• Hi John and thank you for your feedback. I’m having trouble with the AW1 in relation to what the D810 offers. I guess I’m just spoiled. It’s a great little camera don’t get me wrong, compact and versatile with a decent processor and the ability to shoot in RAW. Adding to the versatility is the fact that it’s waterproof and shock proof, not something you see with something that has interchangeable lenses. It’s great for things like sea kayaking because if it goes “plunk” into the water, it’s not necessarily the end of the World. It could perform better in low light conditions and the battery life could be a bit better. Also, one should be weary of sand. Little grains of sand have a way of working their way under some of the buttons which can cause some difficulties. My shutter button actually got stuck on this trip until I was able to get the grains out with a knife!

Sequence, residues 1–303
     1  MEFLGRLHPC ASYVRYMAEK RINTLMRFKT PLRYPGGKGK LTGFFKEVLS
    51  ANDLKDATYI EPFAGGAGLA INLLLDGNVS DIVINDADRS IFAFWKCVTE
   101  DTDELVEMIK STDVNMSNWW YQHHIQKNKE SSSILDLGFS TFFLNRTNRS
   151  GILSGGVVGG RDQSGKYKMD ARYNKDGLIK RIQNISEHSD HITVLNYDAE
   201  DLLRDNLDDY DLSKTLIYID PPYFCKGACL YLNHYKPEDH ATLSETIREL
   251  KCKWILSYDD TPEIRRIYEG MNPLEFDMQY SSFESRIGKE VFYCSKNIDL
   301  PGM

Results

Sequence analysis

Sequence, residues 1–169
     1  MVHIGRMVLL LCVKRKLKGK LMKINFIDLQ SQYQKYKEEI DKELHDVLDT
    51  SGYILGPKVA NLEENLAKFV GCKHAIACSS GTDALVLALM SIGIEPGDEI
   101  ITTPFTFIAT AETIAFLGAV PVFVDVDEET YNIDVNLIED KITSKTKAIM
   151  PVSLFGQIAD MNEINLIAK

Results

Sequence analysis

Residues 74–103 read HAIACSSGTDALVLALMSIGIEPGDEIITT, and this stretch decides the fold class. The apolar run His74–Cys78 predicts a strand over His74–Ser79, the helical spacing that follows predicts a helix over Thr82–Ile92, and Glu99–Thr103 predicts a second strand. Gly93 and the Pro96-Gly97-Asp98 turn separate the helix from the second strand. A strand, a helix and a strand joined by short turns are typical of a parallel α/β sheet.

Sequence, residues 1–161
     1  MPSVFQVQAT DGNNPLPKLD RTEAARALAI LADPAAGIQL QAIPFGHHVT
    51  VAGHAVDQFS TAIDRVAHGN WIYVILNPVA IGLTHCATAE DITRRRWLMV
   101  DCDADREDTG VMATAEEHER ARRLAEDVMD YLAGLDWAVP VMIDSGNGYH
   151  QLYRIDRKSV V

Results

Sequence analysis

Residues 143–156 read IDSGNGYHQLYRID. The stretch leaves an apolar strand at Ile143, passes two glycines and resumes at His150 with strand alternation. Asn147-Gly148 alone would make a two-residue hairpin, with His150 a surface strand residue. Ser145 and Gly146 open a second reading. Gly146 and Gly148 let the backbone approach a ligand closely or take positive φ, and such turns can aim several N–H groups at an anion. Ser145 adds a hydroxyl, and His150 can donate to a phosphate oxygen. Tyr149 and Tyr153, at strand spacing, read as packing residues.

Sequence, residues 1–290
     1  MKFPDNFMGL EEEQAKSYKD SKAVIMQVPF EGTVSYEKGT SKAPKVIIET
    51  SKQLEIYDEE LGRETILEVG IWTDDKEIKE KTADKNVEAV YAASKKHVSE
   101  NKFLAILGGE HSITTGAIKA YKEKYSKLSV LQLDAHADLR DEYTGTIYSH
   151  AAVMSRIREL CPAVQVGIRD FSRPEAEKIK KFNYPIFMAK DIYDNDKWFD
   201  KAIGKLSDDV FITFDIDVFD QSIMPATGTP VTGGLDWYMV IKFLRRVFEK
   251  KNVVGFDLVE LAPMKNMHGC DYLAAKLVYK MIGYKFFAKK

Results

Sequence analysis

Liked by 1 person

      • I suppose we can think of each camera as a different tool for a different job.
        I have the first version the J1. I like it as a little easy carry camera that is a bit better than the digicams and my iphone camera.
        I understand your frustration with the small files verses the huge D810 files. However, it will take more water than the D810…so that is the compromise.
        I am surprised regarding the sand…

        Liked by 1 person